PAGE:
Archives for family saga

#BookReview ‘A Daughter’s Hope’ by @MargaretKaine #saga #romance

The daughter mentioned in the title of A Daughter’s Hope by Margaret Kaine is Megan Cresswell, strictly-raised, religious, sheltered, young, dowdy. Set in the post-WW2 Potteries district around Stoke-on-Trent still suffering from continued wartime poverty and hardship, Megan is free after the death of her mother to make her own way in life. But the harsh reality of being an adult and enduring a hand-to-mouth existence soon makes her realise she must she find a husband to survive. Ever the realist, pragmatic Megan allows her friends to give her a makeover of hair, clothes and make up, before setting off to visit nearby churches on Sundays in search of a suitable husband. Along the way, Megan meets new friends and learns things about herself. As she explores the real world, she wonders why her strict father trapped her in such a narrow world and why her mother didn’t protest on her daughter’s behalf. And she begins to question whether finding a husband is her only option. As she explores beyond the geographical and social bubble in which she was raised, Megan begins to question her place in the world and to confront the puzzles of her childhood. Romance is not
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Categories: Book Love.

#BookReview ‘Mum & Dad’ by Joanna Trollope #familysaga

I remember reading Joanna Trollope’s novels in the Eighties – The Choir, A Village Affair, A Passionate Man, The Rector’s Wife – and loving them. Somehow, I stopped reading her and I can’t remember why. These weren’t strictly her first novels, she’d previously published a number of historical novels under the pen name Caroline Harvey. So now I come to Mum & Dad. I devoured it in a couple of days, partly because it is set in a part of Spain I know very well, and partly because Trollope is a master storyteller. When her husband Gus has a stroke, Monica’s three children descend to their parents’ vineyard in Southern Spain. Gus and Monica have lived near Ronda for twenty-five years; it is their home, but they are distanced from their children who have children of their own, busy lives and marital tensions. The eldest Sebastian runs a cleaning company with his wife, Anna, who has never got on with her mother-in-law. Katie is a lawyer who, with husband Nic, must deal with a bombshell dropped by one of their three daughters at an inconvenient time. And Jake, with partner Bella and toddler Mouse, seems to deal lightly with the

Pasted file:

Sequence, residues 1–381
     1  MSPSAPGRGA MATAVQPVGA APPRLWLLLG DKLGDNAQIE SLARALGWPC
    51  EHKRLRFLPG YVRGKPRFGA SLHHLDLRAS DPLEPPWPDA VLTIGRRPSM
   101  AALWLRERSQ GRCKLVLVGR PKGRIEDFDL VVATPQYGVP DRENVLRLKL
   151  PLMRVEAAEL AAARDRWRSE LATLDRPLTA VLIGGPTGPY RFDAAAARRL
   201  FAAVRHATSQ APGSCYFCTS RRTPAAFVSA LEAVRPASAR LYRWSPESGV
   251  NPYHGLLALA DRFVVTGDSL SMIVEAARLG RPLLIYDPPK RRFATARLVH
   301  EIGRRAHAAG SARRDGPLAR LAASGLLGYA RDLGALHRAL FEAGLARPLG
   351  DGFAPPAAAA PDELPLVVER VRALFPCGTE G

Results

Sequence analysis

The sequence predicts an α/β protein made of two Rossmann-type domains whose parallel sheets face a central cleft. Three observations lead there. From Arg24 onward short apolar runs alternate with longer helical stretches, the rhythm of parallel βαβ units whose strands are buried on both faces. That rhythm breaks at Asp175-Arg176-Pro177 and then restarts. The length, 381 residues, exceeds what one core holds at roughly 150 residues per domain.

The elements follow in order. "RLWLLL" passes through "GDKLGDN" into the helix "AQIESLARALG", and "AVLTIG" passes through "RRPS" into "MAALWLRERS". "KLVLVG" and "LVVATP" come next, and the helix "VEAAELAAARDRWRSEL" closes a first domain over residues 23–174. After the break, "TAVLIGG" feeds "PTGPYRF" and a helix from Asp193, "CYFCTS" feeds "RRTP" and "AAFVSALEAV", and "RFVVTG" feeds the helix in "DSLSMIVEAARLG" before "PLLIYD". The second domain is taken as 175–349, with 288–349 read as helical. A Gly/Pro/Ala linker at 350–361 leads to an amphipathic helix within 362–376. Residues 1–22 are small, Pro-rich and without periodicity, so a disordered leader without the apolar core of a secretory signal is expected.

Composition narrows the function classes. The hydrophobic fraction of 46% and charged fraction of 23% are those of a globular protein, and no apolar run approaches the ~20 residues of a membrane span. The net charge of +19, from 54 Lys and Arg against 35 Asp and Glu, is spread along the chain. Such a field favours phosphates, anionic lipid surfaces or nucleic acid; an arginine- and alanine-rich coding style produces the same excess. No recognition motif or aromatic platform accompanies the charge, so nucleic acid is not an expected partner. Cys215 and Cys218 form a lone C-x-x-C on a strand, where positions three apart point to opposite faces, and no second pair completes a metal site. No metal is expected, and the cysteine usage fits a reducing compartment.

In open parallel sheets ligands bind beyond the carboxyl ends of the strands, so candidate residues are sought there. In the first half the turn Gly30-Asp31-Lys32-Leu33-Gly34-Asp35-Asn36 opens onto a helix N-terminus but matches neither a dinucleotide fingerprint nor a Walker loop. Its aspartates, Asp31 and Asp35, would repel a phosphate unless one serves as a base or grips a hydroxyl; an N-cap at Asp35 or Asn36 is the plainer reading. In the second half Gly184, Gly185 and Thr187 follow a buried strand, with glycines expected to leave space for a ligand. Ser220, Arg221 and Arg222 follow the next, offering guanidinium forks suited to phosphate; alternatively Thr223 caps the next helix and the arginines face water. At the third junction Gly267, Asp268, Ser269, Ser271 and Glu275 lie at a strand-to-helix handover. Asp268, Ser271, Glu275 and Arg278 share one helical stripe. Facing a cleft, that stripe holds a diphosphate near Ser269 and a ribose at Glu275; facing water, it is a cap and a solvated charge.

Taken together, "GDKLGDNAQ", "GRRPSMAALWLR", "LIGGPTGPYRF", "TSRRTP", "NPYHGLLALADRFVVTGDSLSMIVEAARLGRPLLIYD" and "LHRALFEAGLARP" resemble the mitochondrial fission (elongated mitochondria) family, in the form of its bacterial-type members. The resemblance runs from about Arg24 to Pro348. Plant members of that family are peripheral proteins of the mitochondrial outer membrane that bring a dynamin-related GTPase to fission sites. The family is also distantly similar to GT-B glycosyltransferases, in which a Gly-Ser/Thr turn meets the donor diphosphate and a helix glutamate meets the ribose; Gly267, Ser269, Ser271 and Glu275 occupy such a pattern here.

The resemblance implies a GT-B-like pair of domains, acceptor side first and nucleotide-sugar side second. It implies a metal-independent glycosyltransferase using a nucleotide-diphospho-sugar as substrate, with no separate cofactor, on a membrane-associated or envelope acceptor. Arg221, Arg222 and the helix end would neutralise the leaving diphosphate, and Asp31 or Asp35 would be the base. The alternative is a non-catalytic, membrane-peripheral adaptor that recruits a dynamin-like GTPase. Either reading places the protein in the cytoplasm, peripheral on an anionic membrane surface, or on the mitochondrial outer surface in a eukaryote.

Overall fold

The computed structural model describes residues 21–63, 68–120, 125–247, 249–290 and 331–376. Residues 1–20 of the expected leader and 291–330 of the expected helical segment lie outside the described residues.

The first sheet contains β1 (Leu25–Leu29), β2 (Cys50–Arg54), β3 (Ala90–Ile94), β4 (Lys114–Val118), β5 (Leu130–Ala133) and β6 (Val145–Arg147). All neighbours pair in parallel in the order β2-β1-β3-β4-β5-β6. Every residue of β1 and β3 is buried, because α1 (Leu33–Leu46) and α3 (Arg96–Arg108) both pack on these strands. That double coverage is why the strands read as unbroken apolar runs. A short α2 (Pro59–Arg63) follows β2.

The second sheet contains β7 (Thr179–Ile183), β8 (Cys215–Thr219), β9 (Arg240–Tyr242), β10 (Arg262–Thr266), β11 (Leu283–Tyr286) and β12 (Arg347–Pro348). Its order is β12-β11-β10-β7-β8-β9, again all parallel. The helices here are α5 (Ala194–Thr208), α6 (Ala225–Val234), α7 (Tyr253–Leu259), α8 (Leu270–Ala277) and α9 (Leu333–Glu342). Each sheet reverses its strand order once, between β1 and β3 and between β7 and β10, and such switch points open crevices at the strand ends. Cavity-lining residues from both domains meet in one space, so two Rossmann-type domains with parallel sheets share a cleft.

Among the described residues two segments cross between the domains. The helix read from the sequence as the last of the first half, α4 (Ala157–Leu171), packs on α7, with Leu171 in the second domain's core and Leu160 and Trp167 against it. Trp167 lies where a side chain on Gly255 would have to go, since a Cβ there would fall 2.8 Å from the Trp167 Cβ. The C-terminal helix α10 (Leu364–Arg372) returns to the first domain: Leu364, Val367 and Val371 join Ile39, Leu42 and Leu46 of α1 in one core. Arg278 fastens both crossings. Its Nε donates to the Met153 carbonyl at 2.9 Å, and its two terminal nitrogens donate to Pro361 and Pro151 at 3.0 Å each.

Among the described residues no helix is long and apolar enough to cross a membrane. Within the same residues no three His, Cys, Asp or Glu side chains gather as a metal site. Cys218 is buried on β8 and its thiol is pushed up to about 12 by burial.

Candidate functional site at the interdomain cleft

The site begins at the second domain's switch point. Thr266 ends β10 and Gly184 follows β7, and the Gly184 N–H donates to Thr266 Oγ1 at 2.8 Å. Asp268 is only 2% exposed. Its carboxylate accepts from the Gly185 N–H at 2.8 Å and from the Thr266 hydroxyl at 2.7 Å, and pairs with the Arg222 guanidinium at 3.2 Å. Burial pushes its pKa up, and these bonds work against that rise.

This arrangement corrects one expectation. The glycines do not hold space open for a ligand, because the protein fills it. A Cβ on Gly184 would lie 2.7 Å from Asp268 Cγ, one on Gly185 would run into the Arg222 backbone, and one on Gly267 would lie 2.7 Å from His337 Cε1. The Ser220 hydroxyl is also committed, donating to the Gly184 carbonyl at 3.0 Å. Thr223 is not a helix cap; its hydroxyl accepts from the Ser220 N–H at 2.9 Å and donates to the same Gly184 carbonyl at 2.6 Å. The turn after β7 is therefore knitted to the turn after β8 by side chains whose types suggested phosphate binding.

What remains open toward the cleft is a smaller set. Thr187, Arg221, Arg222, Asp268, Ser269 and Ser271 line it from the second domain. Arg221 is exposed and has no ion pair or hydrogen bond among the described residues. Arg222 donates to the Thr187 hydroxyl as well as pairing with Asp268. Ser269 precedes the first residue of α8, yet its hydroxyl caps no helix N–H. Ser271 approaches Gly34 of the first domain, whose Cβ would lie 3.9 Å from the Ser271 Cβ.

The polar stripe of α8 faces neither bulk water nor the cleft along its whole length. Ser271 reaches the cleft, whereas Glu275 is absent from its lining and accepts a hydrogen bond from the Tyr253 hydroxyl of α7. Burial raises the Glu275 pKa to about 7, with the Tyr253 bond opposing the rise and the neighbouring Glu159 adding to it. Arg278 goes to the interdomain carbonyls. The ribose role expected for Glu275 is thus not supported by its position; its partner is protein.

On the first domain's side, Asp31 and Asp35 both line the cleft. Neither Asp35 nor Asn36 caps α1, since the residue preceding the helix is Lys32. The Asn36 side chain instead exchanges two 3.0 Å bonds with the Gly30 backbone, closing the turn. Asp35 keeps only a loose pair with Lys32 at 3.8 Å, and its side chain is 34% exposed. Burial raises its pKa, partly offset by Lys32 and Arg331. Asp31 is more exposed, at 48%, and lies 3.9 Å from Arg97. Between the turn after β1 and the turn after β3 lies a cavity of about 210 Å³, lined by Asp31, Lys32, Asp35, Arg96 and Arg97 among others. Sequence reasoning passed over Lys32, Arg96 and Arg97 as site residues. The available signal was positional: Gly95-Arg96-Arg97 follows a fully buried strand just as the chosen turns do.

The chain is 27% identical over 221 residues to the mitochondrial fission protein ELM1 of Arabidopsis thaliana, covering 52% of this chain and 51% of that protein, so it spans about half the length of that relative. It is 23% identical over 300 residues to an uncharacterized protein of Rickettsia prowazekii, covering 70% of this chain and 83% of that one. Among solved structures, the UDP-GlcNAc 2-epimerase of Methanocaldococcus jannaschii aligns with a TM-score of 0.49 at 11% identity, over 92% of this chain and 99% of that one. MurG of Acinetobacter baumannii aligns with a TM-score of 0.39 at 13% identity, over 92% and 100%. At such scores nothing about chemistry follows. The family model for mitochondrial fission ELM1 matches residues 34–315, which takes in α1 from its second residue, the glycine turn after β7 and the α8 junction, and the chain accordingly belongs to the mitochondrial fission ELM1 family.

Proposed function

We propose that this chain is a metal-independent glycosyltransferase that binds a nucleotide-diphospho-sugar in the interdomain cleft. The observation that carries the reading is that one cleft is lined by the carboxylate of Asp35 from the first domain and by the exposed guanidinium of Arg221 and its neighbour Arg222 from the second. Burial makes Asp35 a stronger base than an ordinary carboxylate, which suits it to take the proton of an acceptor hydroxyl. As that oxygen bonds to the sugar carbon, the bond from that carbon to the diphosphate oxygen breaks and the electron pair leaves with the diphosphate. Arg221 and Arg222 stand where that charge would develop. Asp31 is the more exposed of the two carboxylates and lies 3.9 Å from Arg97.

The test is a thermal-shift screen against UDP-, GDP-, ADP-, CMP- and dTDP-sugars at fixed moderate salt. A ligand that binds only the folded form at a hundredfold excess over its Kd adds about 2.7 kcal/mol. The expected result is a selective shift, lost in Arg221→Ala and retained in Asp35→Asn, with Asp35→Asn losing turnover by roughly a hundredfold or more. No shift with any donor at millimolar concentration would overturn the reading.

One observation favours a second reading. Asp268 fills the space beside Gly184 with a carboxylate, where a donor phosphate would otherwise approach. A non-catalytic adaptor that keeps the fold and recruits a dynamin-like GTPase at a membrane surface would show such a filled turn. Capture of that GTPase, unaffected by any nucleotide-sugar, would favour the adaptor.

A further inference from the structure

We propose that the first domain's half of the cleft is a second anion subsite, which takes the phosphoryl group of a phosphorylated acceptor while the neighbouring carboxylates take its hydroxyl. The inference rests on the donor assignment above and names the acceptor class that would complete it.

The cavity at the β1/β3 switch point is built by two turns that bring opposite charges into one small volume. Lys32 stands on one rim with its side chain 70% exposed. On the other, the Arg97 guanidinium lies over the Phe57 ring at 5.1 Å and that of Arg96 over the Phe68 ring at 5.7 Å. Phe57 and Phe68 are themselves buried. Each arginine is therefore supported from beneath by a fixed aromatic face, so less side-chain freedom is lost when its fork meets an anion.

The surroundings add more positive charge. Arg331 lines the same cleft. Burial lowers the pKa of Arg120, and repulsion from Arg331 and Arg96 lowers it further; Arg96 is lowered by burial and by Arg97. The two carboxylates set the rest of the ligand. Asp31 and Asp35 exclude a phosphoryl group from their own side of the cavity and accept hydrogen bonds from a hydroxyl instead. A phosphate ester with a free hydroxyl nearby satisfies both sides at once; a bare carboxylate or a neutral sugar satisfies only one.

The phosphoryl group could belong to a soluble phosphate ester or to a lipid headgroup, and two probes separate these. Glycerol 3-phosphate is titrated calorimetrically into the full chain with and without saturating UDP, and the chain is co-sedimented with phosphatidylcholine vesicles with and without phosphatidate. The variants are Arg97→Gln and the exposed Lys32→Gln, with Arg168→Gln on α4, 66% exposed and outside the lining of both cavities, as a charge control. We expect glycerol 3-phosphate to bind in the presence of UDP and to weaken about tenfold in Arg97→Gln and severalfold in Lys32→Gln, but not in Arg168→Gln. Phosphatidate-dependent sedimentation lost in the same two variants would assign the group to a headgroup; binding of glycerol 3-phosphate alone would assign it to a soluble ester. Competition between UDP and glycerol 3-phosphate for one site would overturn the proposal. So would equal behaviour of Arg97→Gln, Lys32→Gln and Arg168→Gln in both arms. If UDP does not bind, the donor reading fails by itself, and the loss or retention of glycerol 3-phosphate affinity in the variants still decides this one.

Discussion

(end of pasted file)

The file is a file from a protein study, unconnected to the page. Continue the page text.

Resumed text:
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Categories: Book Love.

Book review: Some Luck

It is 1920, the eve of Walter Langdon’s 25th birthday and he is walking the fields of his Iowa farm. The first two pages of Some Luck by Jane Smiley are a wonderful description of him watching a pair of owls nesting in a big elm tree. And so starts the first book in this trilogy about the Langdon family. Chapter-by-chapter it tells of the family’s life, their farm, the ups and downs of daily life, births and deaths, and always the land. At first it feels as if not much is happening. Smiley is so good at the detail: of Walter farming, Rosanna doing the laundry, babies being born, growing into toddlers and then pupils walking the track to the tiny school where they are taught with their neighbours in one classroom, all ages together. Steadily the chapters, and years, march on. The eldest child Frankie goes away to college and then to war, becoming a sniper in Africa and Europe. His younger brother Joe shows no inclination to leave the farm. Lillian, ‘God’s own gift’, the beautiful daughter, meets a man and goes to Washington DC. And so more babies arrive into the Langdon’s household, and the family’s
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Categories: Book Love.